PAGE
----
Good-quality honey offers several topical wound-care benefits that can explain some of its success as a remedy for herpes sores:
· It draws fluid away from your wound
· The high sugar content suppresses microorganism growth
· Worker bees secrete an enzyme (glucose oxidase) into the nectar, which then releases low levels of hydrogen peroxide when the honey makes contact with your wound
Manuka honey, however, offers additional healing benefits not found in other honeys.
Clinical trials have found that Manuka honey, made with pollen gathered from the flowers of the Manuka bush (a medicinal plant), can effectively eradicate more than 250 clinical strains of bacteria, including resistant varieties such as:
· MRSA (methicillin-resistant Staphylococcus aureus)
· MSSA (methicillin-sensitive Staphylococcus aureus)
· VRE (vancomycin-resistant enterococci)
· Helicobacter Pylori (which can cause stomach ulcers)
With the increasing threat of antibiotic-resistant infections and drug over-use, the return to honey as a natural, multi-purpose healing therapy is certainly a welcome alternative.
Other Natural Therapies for Herpes Infections
Aside from honey, here are a few other remedies that have also been found effective in treating herpes infections:
· Lysine (an essential amino acid)
· Vitamin C
· Aloe Vera
· Lemon Balm (Melissa officinalis)
· Resveratrol (a very potent antioxidant from grape seed)
· Garlic
· Lactoferrin (a potent antimicrobial protein found in colostrum)
In addition to these remedies, which all tend to work, in my experience, the two approaches that work the very best are:
1. Homeopathic herpes simplex formula — I’ve found these homeopathic formulas to be surprisingly effective. They’re also non-toxic so they’re very safe, with virtually no side effects.
2. The Emotional Freedom Technique (EFT) – This is a form of psychological acupuncture without needles. By tapping on different acupuncture meridians, you can energetically resolve the emotional precedent that caused your immune system to weaken, allowing the infection to take hold. Once you get at the emotional root, your immune system tends to get reactivated, along with a number of genes that can help to resolve and heal your physical condition.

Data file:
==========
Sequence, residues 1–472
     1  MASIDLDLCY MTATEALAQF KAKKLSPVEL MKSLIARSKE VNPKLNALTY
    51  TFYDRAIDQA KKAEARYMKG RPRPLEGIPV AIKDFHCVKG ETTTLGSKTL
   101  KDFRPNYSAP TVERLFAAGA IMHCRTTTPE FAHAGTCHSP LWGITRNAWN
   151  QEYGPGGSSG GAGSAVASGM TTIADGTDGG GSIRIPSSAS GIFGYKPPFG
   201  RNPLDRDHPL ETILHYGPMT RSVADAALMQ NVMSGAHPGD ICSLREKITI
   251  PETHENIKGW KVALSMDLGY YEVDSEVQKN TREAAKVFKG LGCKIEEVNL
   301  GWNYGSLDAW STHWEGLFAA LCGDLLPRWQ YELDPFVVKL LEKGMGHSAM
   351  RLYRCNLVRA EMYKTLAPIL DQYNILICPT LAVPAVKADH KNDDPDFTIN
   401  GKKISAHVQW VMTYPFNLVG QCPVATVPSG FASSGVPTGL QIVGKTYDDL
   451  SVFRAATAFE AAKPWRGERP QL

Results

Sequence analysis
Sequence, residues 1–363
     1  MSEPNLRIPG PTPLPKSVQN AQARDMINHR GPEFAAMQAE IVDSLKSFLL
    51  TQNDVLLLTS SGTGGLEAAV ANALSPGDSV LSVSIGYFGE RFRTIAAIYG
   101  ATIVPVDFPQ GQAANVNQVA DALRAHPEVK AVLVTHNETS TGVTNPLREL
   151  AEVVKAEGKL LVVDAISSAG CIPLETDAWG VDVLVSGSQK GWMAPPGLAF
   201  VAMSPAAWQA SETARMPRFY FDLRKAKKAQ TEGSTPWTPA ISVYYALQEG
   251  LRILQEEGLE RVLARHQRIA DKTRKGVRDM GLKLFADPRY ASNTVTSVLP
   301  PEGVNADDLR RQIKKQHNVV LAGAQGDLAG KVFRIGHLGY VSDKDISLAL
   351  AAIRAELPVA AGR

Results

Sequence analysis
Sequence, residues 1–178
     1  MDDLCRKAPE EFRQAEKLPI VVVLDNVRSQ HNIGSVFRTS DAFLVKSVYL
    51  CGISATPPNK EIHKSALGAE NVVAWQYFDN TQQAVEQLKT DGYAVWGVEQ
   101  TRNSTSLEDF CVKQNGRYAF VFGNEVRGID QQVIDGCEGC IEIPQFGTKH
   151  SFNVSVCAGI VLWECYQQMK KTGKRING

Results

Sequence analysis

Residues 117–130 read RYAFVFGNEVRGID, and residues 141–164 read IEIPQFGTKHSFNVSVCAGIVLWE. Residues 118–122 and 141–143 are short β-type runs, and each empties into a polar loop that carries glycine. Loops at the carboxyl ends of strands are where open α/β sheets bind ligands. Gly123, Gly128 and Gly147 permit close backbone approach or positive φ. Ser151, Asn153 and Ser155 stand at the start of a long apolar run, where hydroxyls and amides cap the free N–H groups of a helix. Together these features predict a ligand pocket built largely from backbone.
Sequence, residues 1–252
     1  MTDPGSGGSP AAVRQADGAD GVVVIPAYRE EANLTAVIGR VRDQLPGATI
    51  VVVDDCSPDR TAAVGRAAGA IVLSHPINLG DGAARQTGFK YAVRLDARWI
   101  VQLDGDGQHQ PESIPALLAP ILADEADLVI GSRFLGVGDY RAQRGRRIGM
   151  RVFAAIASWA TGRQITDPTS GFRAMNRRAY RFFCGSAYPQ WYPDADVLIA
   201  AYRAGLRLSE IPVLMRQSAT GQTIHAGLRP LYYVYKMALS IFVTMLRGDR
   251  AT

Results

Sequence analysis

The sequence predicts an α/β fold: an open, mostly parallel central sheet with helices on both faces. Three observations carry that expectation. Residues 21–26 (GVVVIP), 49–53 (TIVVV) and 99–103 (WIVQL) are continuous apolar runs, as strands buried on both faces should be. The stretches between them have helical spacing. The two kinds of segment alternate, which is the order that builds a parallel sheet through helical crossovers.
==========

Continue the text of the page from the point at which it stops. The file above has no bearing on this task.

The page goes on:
Last but not least, there’s some evidence suggesting that high doses of vitamin D can help resolve herpes infection, although I do not have personal experience with this treatment. But there have reportedly been a large number of successes with people using up to 50,000 units once a day for three days.
It would be particularly effective if you have not been taking vitamin D regularly and have not had frequent exposure to the sun.
If you’ve had your vitamin D levels tested and are within the therapeutic level, then clearly you don’t want to use this approach as you may overdose on vitamin D. However, more than likely, if you had optimal vitamin D levels you probably wouldn’t have gotten the infection in the first place.
We know vitamin D works for flus, coughs, and colds, and appears to work for most, all the typical types of viral infections – even infections like herpes.
By Dr Mercola, http://www.mercola.com | August 21, 2014


Get your Manuka Honey here www.puremanukahoney.co.uk


Natural Honey, Pure Honey, Raw Honey ~ Making Sense of Honey Labels

honey throat

Commercial honey is labelled as natural honey, pure honey, raw honey, pure natural honey… the list continues. It takes me by no surprise that honey, like any other products, is not spared from ambiguous labelling by suppliers. With so many different claims of honey on the shelf, we often land up confused and unsecure about how much authentic honey and counterfeit honey we are consuming. Here, I would like to share a few frequently asked questions on the subject from visitors of Benefits of Honey and my views regarding them.